Education and Medical Research Largely Spared in Budget Deal
The budget deal made at the eleventh hour late on Friday largely spared education, President Obama says. The Chronicle of Higher Education reports that, on Friday, the President said in a speech that his top priorities, including education and medical research, have for the most part been spared. While the two sides agreed to cut $13 billion from funding for programs at the Departments of Labor, Education and Health and Human Services, the President stated that:
“We protected the investments we need to win the future.”
The White House blog says that funding for many educational and research programs remains in place:
We protected funding for critical programs that invest in science programs, our kids’ education, and critical health programs. We are maintaining current levels of Head Start enrollment, funding Race to the Top, including an early learning element, and have sufficient savings available to maintain the Pell Grant maximum award and the broad education reform agenda, including K-12 education. There is still robust investment to efficiently and effectively run Medicare and to implement the Affordable Care Act. Even though we will no longer double the funding of key research and development agencies, you will still see strong investments in National Institute of Standards and Technology, National Science Foundation and the Office of Science.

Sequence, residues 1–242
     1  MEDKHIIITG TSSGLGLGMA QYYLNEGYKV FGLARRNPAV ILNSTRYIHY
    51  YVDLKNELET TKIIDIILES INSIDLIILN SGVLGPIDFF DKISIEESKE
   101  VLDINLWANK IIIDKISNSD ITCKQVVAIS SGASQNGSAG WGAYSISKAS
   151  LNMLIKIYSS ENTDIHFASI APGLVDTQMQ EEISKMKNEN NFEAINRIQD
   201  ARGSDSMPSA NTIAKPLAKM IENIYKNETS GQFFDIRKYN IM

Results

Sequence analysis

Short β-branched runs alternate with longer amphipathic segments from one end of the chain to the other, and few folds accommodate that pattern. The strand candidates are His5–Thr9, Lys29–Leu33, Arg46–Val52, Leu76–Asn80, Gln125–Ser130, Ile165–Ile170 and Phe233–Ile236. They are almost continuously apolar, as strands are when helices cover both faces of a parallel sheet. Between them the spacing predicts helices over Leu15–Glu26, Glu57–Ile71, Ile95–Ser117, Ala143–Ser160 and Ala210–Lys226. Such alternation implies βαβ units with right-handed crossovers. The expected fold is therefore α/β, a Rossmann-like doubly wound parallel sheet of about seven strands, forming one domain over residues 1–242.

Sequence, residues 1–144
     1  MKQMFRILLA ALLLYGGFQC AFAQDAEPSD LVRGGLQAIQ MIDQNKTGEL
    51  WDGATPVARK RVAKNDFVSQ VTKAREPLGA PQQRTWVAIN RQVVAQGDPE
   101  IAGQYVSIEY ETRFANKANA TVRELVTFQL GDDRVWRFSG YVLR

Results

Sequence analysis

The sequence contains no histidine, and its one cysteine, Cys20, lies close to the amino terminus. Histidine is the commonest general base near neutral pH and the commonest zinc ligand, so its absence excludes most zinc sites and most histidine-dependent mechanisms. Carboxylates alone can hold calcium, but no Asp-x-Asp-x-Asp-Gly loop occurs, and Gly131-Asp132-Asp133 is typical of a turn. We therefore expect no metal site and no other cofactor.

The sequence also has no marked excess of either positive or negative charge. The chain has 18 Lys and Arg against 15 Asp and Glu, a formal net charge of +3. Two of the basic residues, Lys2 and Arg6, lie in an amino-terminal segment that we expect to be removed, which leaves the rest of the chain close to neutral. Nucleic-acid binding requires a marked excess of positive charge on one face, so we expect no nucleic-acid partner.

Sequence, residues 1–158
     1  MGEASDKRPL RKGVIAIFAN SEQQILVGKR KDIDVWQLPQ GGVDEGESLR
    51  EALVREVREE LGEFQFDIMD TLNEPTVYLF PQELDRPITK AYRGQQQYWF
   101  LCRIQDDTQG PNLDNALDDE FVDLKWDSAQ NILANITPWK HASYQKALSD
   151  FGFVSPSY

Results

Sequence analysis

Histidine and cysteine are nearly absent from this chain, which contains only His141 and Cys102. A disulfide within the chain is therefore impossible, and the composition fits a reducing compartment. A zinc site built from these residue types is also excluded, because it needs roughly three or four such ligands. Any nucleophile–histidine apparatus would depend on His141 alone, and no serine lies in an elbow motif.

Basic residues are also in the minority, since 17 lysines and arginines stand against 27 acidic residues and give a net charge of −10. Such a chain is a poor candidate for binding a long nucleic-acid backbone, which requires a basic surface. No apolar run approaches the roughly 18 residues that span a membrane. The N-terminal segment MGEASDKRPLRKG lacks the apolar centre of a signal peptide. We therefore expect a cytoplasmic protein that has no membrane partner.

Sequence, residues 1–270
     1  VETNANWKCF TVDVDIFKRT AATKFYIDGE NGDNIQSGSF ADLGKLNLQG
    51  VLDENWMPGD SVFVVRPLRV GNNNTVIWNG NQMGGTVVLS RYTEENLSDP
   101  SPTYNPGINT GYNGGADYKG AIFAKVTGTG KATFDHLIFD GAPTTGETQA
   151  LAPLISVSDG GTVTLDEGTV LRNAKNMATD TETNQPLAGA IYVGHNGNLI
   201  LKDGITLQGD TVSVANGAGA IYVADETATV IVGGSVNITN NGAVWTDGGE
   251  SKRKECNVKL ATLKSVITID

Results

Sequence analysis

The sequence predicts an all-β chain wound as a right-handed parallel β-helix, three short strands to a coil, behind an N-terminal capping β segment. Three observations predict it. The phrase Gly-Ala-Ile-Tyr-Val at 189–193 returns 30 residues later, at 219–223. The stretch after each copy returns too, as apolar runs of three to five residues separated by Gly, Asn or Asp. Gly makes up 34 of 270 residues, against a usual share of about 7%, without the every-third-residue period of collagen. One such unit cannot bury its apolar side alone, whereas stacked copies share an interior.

Pell Grants, which provide need-based funding for low-income college students, will be maintained at the maximum at $5,550, the same level as this year. However, according to an Associated Press article, “reforms to the Pell Grant program” may still be on the horizon; the President has proposed ending year-round Pell Grants in his budget for fiscal year 2012. As the Chronicle notes, the spending bill means that the financial age packages colleges have prepared for students for the coming academic year can stay the same, so millions of students can go ahead with their plans for college next year.
Republicans had sought deep cuts to both science and education, passing a bill (HR 1) in February that would have cut the maximum Pell Grant by 15 percent, or $845 and eliminated dozens of education programs. Their bill would also have made significant cuts to the National Institutes of Health, lowered funding to 2008 levels and set the National Science Foundation’s budget $150-million below its 2010 level.
Photo by Enokson.